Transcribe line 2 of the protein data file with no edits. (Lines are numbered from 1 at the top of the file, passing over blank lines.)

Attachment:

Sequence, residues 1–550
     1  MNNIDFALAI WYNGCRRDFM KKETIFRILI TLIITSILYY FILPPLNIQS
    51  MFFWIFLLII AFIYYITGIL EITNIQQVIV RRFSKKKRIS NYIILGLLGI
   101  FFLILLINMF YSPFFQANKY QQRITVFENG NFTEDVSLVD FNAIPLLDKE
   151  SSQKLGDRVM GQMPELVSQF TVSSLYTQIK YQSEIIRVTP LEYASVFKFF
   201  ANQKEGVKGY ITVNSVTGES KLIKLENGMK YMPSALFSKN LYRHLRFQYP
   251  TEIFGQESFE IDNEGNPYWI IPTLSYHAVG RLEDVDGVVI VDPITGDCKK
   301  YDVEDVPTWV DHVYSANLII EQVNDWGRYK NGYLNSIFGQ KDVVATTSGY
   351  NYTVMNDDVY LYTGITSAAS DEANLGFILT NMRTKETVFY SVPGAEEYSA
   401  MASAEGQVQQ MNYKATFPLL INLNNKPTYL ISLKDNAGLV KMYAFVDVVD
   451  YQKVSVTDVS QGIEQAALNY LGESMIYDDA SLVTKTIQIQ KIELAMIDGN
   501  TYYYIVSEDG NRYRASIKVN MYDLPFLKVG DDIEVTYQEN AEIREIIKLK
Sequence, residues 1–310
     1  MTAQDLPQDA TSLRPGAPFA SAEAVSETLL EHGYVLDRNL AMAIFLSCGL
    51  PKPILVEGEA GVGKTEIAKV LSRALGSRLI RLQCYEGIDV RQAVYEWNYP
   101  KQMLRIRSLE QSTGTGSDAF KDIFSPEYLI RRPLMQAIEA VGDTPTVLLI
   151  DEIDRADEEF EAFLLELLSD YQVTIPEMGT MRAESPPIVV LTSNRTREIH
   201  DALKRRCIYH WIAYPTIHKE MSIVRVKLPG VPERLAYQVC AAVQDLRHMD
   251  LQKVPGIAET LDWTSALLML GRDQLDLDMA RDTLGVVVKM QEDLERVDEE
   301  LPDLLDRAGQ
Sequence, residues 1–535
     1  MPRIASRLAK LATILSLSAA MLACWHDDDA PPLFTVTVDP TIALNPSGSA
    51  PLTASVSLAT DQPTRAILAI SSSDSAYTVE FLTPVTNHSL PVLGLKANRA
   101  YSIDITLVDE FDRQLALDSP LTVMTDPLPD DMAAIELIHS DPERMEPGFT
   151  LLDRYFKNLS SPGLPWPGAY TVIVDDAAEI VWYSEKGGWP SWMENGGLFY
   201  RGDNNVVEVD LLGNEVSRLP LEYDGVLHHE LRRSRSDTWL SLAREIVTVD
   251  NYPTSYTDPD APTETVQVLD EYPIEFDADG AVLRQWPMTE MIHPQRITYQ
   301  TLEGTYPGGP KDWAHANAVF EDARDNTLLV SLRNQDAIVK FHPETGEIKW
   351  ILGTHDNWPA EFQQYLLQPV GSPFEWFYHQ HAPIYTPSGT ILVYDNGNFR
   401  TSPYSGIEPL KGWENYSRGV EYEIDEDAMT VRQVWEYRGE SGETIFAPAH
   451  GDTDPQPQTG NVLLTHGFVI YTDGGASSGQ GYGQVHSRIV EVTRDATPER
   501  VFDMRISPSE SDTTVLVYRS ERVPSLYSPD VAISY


     1  MNNIDFALAI WYNGCRRDFM KKETIFRILI TLIITSILYY FILPPLNIQS